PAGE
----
Technical, social and economic constraints are limiting the effective use of groundwater and ponds for irrigation in many parts of the EGP. Large areas of land remain fallow during the dry months. Access to year-round water for irrigation would significantly improve the productivity of agriculture, improving incomes and food security.
Marginal and tenant farmers, youth and women are particularly vulnerable and could benefit from a new approach to irrigation provision. This project is researching and demonstrating improved collective farming systems for marginal farmers and improved water management and irrigation practices using efficient systems appropriate to the needs of the marginal farmer communities.
A project funded by the Australian Centre for International Agricultural Research (ACIAR) is working with communities across Nepal (Saptari), India (Cooch Behar and Madhubani) and North West Bangladesh, to research and demonstrate sustainable social and biophysical interventions.
Uttar Chakowakheti (UC) village is a forest fringe village which is now slowly developing into an agriculture based village though farmers developing knowledge in agricultural practices and irrigation. Farmers are still seeking support from agricultural scientists to develop strategies to repel wild elephants which are destroying their crops. There are just 11 shallow tube wells of 30 feet to 80 feet depth and 10 ponds of 7 feet to 15 feet depth among the 243 households though ponds are not used for any irrigation purpose.
The tribal based Uttar Chakowakheti village of Alipurduar district and land boundary of Coochbehar district is surrounded by the River Kaljani which flows from the mountains toward Bangladesh. The village is also divided in two parts – one habitation at the east embankment and one habitation at the west embankment of Kaljani River. The larger area of the west embankment of Kaljan River was selected as a project location for the DSI4MTF research project. There are around 243 households in the project village with caste composition of 30% Scheduled Caste (SC), 63% Scheduled Tribe (ST), 4% minority and 3% general. The households are mainly dependent on agriculture and other activities including sand mining/lifting, livestock, vegetable business and daily labour etc. for their livelihoods.
Figure 1 – Uncropped land / fallow at Uttar Chakowakheti during dry season (4th June 2016)
Community and interventions:
The Majority of households of Uttar Chakowakheti (UC) belong to schedule tribe (ST) community and were traditionally involved in selling their labour to local tea estates and the forest department. . Despite limited knowledge and skill in agricultural production, some villagers have shifted to agriculture as a means of income production. The average landholding of the households is 1.5 acre which is higher than other farmers living in West Bengal. But still they are facing extreme vulnerability and struggling very hard to manage three meals a day. The DSI4MTF project has been working with the farming community of UC for the past two years selling their labour.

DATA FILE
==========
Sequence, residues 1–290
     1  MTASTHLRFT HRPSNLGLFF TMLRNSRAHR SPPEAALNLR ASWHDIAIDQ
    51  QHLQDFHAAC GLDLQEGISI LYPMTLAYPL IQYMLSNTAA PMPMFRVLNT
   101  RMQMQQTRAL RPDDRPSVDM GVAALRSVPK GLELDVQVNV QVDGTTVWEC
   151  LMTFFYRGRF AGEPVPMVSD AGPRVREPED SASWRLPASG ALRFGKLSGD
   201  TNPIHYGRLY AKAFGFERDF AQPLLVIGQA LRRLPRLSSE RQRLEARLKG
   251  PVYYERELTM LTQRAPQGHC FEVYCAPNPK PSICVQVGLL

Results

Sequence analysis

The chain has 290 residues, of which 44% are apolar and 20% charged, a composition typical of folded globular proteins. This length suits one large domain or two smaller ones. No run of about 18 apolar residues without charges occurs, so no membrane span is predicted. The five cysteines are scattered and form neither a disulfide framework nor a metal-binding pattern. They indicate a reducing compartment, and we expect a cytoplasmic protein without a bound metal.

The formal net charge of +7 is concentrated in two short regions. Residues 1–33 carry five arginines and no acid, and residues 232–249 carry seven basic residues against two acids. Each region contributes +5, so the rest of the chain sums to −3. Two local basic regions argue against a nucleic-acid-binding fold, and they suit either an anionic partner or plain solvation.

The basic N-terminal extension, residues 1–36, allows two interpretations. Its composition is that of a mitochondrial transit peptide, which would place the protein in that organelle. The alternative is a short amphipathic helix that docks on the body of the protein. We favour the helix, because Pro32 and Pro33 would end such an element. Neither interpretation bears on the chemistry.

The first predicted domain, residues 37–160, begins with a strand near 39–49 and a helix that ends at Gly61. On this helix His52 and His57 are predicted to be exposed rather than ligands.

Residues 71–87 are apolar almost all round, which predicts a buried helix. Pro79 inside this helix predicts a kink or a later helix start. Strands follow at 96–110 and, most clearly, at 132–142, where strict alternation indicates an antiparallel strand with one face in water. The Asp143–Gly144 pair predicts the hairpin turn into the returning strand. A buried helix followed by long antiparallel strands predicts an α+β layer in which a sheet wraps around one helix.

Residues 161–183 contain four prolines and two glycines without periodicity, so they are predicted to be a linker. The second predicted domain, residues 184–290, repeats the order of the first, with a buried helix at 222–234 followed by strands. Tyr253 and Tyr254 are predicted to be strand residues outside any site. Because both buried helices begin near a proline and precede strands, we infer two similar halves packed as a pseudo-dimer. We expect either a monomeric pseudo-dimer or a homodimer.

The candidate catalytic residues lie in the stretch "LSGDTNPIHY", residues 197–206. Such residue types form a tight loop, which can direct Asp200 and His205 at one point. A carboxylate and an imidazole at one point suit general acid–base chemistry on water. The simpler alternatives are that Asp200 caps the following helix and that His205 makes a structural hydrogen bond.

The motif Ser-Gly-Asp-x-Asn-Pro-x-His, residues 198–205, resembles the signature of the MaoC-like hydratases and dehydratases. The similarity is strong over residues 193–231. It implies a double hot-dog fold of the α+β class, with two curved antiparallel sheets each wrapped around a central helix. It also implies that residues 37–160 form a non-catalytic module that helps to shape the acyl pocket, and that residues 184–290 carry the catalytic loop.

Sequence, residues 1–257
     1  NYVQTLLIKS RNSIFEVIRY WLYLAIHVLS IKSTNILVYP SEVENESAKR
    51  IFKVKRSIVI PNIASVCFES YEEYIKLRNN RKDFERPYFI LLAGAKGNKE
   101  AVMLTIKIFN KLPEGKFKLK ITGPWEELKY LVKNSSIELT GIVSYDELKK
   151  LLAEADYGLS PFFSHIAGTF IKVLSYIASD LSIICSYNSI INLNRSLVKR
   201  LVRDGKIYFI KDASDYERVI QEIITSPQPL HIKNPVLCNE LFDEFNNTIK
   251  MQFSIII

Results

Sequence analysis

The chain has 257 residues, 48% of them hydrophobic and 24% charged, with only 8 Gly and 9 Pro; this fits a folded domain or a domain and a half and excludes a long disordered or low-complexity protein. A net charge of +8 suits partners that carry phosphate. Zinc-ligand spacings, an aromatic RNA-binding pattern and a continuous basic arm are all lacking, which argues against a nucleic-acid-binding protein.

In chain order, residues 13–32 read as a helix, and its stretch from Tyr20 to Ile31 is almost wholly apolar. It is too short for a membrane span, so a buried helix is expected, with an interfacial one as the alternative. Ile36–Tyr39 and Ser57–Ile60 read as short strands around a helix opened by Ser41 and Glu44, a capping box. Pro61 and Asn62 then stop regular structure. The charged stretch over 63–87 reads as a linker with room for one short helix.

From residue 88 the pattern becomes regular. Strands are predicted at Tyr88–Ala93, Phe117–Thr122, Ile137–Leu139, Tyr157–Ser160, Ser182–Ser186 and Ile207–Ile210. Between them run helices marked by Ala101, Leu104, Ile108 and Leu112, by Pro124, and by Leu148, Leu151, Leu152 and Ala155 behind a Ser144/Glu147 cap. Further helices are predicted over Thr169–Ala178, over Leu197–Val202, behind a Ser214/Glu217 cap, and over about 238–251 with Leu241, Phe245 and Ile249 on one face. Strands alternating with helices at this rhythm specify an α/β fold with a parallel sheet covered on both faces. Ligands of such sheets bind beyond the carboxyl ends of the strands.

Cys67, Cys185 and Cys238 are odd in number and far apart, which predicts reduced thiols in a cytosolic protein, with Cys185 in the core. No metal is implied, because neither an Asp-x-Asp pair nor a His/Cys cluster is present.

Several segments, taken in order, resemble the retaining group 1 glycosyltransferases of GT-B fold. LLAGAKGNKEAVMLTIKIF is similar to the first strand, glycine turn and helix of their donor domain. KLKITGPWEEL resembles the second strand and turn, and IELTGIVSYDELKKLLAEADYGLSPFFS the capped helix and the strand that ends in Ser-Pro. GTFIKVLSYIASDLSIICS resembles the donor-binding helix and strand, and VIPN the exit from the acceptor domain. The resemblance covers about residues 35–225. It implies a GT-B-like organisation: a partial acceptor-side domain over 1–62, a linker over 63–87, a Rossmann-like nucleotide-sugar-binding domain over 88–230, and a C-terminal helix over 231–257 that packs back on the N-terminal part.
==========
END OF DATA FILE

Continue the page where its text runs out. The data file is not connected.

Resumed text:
Like Dhaloguri village, initially the farmers were confused about the aims and objectives about this action research project. It has taken time but slowly CDHI has mobilised the farmers through walk around, personnel interview, FGDs, formal and informal meeting / training, exposure etc and still creating ownership towards project. Now the project participants are aware about the project. Farmers are involved in collective actions by forming and strengthening the Collective Farming Group CFG consisting of 8 to 11 members of landless, tenant, marginal, rich and women farmers). Traditionally they were mainly cultivating monsoon paddy, leafy vegetables during rainy and winter season. 90% of the agriculture land at UC remained uncropped during the dry period and 65% during winter. After a series of community engagement programmes and technical interventions including installation of irrigation tube wells, the CFGs are cultivating jute and new crops including chili and other vegetable during this pre-kharif season. The physical interventions through the project started with the installation of one shallow tube well and commissioning of one 4 HP diesel pump at the site. With assured irrigation water the farmers started growing crops even during the dry seasons. After due consideration of soil health and land situation, the project scientists proposed a wide variety of feasible crops to the farmers. They were provided technical trainings and practical demonstrations on different aspects of crop production technologies like sowing/planting, crop management, water management, and disease and pest management.
Figure 2 – New crop cultivation by the collective farming group at Bholaghat, UC.
The farmers from different economic background are working together without any conflicts. The rich and tenant farmers are equally contributing their time and labour. They are now slowly getting confidence to work together in the agriculture land for collective actions. The growth of crops is encouraging during this season and actual financial benefit will be calculated after harvesting within one month.
The project is working on training modules for collective farming system, water management, improve crop management. The project will also be emphasising on empowering the CFGs through manual / guide book of different crops, development of IEC materials, farmers skill development, farmers fair, community research by the farmers, exposure, meeting with market chain participants, linkage building etc. CDHI is also planning to access support from the Department of Science and Technology (DST) through Vivekananda Institute of Technology, West Bengal to promote tuber crops.